Machu Picchu

Machu Picchu

Machu Picchu, one of the world's most fabled sights. The area is built of large stone blocks that are formed and assembled with incredible skill, and that resists the ravages of time and even earthquakes. It is located 80 km northwest of Cusco, from where you can go to Machu Picchu by train or bus/train. A part of the connection with Cusco is a narrow gauge railway. Last stop with road connection is Ollantaytambo, the only village that the Spaniards never managed to conquer, about 2.5 hours by train from Machu Picchu. From Cusco to Ollantaytambo you can go by car or bus.

Machu Picchu is designated as one of the "Seven New Wonders Of The World" and was included on the UNESCO World Heritage list in 1983. About 2450 meters above sea level this impressive historical site rises towards the sky, consisting of a 500 meter high mountain ridge with steep slopes, above the Urubamba river and the village of Aguas Calientes, which is the starting point for visits of Machu Picchu.
The city is believed to have been built by the Inca Emperor Pachacuti in about 1440 and was inhabited until the Spanish conquest of Peru in 1532. The site was then abandoned for some reason they have not been able to ascertain, and the Spaniards never found the place because of "the city's" unique and geological conditions, so the site lay untouched until it was discovered in 1911 by Hiram Bingham, a historian from Yale University in the United States.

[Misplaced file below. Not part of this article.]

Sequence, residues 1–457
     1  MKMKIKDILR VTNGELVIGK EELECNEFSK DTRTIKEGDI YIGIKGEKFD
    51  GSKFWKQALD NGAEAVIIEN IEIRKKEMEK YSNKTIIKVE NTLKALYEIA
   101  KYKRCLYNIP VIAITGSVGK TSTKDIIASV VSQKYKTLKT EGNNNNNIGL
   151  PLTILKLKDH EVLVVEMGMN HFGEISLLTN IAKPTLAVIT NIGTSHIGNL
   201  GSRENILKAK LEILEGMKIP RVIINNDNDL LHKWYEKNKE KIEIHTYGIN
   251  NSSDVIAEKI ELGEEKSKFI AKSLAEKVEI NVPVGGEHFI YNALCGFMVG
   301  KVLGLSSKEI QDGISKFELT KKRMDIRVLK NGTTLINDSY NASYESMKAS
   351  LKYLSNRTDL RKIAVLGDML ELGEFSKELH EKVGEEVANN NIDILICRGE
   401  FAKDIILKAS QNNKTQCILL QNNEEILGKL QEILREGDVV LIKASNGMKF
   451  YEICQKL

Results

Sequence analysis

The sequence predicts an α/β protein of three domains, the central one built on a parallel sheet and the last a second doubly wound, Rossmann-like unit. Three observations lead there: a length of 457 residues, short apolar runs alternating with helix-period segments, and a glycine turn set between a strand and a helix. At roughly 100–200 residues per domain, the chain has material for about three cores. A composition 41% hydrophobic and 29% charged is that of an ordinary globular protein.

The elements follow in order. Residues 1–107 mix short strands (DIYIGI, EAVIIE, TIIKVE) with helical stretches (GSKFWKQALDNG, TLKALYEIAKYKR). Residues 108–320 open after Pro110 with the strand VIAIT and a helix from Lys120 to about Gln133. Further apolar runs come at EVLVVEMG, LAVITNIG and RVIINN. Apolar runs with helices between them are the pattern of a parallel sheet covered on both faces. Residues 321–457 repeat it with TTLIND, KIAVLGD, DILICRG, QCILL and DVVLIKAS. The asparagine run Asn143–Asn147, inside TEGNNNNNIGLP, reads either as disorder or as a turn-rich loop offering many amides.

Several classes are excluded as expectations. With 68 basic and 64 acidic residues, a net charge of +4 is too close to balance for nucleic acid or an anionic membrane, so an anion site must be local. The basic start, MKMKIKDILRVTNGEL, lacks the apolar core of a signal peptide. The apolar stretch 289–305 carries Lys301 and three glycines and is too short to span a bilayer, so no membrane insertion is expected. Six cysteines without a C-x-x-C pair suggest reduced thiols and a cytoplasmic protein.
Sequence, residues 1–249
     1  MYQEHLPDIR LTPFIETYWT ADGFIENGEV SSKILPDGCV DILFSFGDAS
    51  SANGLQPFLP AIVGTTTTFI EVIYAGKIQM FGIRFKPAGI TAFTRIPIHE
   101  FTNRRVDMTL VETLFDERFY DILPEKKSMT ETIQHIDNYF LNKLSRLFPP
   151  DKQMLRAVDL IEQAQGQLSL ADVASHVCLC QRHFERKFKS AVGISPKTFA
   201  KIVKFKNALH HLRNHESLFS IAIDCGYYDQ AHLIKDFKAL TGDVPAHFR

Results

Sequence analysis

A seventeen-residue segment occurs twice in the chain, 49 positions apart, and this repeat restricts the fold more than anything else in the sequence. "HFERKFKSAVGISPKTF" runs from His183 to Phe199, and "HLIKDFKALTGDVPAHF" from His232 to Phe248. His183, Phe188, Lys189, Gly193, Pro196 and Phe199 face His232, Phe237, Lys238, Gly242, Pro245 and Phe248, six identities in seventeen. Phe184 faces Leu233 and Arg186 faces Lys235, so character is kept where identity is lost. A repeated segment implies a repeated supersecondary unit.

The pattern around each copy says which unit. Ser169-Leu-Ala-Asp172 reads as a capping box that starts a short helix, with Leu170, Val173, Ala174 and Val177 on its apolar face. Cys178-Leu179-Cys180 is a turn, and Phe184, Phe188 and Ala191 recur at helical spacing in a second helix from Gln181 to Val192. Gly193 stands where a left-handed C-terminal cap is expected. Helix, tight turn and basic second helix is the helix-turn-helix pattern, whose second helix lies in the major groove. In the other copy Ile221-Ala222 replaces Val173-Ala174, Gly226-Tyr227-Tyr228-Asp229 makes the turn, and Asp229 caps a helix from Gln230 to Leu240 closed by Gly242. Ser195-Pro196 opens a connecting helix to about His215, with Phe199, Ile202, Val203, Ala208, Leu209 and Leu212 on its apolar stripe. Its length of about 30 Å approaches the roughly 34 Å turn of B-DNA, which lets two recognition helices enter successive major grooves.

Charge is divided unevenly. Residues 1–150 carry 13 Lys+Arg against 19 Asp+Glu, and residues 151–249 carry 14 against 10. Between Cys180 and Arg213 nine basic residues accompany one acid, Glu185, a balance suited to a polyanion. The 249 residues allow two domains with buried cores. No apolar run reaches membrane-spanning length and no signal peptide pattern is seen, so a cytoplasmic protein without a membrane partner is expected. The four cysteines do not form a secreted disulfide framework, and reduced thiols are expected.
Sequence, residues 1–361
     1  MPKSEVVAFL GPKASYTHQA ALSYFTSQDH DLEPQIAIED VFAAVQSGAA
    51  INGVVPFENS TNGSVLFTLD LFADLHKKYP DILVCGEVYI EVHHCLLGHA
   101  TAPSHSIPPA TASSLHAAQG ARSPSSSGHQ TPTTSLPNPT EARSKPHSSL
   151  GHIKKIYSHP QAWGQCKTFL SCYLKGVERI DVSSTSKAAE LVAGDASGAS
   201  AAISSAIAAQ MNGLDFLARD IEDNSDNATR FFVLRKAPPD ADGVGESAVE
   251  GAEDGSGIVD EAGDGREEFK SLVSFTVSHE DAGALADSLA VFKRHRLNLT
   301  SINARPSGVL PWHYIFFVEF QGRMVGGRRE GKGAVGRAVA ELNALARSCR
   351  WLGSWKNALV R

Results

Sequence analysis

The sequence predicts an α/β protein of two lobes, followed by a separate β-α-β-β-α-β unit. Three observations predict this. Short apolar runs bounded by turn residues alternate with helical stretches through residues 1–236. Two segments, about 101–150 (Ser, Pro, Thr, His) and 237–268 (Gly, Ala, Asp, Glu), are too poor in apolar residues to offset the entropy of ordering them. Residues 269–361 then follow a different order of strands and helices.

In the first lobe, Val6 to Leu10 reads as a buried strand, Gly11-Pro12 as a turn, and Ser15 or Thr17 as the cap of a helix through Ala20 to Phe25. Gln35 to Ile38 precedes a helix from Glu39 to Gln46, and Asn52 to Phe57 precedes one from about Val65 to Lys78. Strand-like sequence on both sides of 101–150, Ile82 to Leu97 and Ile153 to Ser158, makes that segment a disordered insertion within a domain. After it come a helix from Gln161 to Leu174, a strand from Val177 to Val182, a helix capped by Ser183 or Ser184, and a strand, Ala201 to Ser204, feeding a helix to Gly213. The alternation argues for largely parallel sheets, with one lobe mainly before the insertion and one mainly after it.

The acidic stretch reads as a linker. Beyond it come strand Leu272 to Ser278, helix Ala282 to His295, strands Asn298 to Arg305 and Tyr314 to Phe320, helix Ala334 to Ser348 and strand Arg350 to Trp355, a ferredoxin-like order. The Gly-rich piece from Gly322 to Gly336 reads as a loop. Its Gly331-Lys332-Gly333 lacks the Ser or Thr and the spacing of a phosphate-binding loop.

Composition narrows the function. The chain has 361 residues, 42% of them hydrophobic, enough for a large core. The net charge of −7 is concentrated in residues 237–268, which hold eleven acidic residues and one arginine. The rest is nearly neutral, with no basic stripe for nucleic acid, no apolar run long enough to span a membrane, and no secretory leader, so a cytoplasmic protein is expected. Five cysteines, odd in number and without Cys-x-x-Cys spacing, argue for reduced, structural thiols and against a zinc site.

For what purpose the Inca people used Machu Picchu is still shrouded in mystery; one speculates about everything from a prison to a Holy Temple, a "country house" for the Inca-court or a Centre for agricultural experiments.
Few places in the world can compare to the Machu Picchu in beauty, when you in the morning at sunrise can see mists disperse themselves and the mysterious city is bathed in sunshine. To wander among the ruins and imagine life there during the Inca era gives overwhelming impressions and memories for life.

A popular way to get to Machu Picchu is to hike the famous Inca Trail, 4 days/3 nights, where you on the last morning arrives at "The Sun Gate" above the ruins in the early morning, and then during the day  get a guided tour and several hours to explore the site on your own.
Some visitors choose to climb The Huayna Picchu mountain from there you have a wonderful view of Machu Picchu and the surrounding area. It is a tough and slightly dangerous climbing though, especially after 4 days of trekking, so you have to be extremely careful.